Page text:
Psalm 40:2–3 — He brought me up out of the pit of destruction, out of the miry clay, And He set my feet upon a rock making my footsteps firm. 3 He put a new song in my mouth, a song of praise to our God; Many will see and fear And will trust in the LORD.
We have seen how the cross can help us regain a right view on the past and on the future. In our next devotions we will see how it also works this way in respect of hell and of heaven - of what believers have been saved from and what they have been saved to.
What is it, then, that believers in Christ have been saved from? The psalmist tells us in our passage - from the pit of destruction, from the miry clay. We reflected in reason 16 on the fact that the Lord's supper proclaims to us the sinfulness of sin - seeing what sin did to the perfectly holy and beautiful Christ at Calvary. We need to remember, though, that it was our sin that He bore on the cross, and that if He had not paid the debt we owed to God's justice, it would have fallen to us to make the repayment. The hymn writer says that eternity is too short to utter all God's praise. It is also far to short for a sinner outside of Christ to pay the debt of sin.
Although we don't like to think about it or talk of it in "polite society", God has told us clearly, truthfully and faithfully in the Bible that those who will not accept the Savior He supplied to take away their sin must receive His justice for their deeds. Jesus talks of the place where this happens in graphic terms - like being burned alive in a fire that never dies and never kills you, and like being eaten alive by worms that gnaw into you but cannot kill you either. This is the pit of destruction, where we are all headed from conception unless we cry out to God for mercy and trust Jesus to take our place and save us. It is like being in miry clay - the sort that stinks, that clings to you and will not let you get out. Rather, the more you struggle to free yourself by your own efforts, the further you sink into the filth.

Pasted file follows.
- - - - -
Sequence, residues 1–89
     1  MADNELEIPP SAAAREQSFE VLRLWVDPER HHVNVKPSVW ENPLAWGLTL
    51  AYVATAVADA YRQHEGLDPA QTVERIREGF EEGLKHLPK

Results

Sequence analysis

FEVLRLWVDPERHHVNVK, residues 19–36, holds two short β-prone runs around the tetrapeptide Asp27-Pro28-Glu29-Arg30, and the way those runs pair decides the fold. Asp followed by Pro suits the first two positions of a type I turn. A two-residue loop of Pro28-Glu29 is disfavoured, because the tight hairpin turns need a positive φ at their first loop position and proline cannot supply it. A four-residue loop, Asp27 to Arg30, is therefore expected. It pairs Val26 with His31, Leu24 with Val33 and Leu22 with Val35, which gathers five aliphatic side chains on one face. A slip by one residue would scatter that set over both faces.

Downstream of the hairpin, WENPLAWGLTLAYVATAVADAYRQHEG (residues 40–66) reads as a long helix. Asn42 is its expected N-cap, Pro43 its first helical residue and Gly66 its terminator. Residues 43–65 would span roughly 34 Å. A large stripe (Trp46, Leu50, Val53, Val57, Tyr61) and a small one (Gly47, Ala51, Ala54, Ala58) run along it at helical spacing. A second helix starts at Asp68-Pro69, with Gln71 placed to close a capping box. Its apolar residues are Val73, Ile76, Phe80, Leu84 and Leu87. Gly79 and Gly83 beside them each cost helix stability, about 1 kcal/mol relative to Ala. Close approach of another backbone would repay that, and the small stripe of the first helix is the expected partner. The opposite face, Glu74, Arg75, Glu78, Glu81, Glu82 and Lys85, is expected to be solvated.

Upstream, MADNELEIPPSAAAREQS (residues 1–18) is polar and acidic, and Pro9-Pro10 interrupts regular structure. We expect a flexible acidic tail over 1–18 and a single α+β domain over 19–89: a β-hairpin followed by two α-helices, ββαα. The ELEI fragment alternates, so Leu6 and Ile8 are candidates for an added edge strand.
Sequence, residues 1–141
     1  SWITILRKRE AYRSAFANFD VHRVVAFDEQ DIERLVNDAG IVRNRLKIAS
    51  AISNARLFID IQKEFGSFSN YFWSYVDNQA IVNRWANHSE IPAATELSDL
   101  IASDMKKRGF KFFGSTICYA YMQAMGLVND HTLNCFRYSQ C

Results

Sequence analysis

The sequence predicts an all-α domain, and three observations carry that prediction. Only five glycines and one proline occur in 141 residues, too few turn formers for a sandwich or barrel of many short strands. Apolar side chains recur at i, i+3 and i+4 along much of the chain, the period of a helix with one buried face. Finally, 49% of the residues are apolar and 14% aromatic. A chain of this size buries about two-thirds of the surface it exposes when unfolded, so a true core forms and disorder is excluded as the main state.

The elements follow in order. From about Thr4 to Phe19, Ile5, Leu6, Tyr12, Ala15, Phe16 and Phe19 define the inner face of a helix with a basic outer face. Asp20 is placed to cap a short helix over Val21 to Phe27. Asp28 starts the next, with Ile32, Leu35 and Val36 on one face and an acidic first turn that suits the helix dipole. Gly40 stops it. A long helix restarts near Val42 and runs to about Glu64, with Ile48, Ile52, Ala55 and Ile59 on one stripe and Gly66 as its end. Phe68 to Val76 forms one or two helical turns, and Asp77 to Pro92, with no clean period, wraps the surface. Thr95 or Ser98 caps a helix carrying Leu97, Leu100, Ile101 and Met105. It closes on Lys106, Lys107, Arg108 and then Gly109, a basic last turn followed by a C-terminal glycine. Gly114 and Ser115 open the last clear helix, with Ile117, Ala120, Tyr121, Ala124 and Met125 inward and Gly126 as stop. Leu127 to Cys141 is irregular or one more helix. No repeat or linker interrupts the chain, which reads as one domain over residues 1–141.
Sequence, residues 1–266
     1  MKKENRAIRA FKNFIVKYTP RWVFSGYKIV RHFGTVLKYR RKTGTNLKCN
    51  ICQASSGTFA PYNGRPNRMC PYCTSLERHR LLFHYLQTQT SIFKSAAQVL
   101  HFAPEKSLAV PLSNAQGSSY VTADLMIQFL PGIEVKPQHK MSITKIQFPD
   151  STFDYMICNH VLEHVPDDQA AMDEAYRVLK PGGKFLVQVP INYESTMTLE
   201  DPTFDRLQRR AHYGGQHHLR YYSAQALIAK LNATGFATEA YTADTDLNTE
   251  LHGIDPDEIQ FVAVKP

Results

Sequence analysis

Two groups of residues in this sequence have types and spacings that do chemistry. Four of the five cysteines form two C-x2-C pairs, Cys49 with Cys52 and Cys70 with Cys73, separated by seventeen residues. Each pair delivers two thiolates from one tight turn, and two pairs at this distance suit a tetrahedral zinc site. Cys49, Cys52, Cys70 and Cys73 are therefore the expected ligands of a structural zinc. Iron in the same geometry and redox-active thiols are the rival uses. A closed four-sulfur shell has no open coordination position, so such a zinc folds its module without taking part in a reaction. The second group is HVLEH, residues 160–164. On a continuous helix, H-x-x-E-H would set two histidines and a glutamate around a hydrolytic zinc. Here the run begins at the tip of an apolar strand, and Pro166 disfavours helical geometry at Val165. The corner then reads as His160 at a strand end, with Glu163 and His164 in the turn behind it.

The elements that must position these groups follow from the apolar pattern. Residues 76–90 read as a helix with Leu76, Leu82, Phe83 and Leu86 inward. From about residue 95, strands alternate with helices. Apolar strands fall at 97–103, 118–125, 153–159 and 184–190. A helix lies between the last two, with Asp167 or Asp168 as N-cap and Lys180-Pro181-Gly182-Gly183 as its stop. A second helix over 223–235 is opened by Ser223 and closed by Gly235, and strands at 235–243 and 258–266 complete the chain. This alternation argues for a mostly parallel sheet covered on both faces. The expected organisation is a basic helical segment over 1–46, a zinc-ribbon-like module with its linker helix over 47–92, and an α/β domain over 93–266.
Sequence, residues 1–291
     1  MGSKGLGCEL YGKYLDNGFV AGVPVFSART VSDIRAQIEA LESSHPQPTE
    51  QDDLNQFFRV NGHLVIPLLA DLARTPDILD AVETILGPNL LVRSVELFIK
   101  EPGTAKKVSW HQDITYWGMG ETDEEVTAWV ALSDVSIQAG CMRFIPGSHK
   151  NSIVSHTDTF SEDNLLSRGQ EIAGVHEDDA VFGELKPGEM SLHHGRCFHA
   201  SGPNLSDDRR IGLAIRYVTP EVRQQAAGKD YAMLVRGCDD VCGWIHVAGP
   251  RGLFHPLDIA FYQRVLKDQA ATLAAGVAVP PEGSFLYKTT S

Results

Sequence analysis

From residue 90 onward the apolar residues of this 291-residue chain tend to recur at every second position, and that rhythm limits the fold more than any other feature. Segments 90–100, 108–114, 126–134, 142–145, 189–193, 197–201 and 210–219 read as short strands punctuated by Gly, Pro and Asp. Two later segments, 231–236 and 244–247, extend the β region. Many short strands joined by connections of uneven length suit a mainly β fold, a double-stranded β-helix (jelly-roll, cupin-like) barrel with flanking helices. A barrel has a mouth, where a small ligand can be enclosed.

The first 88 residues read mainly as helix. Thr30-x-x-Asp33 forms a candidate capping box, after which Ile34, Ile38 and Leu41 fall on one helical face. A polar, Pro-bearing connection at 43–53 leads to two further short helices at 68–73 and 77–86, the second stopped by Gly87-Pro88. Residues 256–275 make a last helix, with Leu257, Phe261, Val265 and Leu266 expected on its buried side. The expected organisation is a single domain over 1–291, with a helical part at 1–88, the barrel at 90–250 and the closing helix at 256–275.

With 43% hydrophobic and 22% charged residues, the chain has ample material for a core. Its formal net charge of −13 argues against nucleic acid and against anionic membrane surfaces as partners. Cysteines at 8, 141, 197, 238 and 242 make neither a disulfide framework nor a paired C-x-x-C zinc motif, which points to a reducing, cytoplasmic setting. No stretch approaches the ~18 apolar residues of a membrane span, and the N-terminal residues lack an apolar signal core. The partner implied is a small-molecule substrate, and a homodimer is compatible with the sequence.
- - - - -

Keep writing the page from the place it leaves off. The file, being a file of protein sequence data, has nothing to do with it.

Our old nature still pushes such thoughts away and tries to paint a picture of us in our mind's eye as good people, or certainly better than many others. When we come to the Lord's Table, though, it is very hard to cherish such ideas of ourselves. Here we see Jesus receiving the just punishment for our sins. Here we see Him mired with our filth. If His death had been a simple matter of falling asleep on a comfortable bed and His spirit passing into glory, we might have been grateful to Him but considered that our sin wasn't so bad after all, given the lack of suffering in the One Who bore it. But no. Look again at the cross. See the agony, the grief, the torment of Christ. See here, condensed into a few short hours, the eternity of anguish, shame, bitter suffering and loss that rightly belonged to us. Our sin did that to Him. That was what we deserved.
Once again, then, the Table can help us when the world, our flesh and the forces of spiritual darkness would incline us to think less of our sin, what our sins deserve and therefore ultimately of our God and our Savior. How we need this corrective!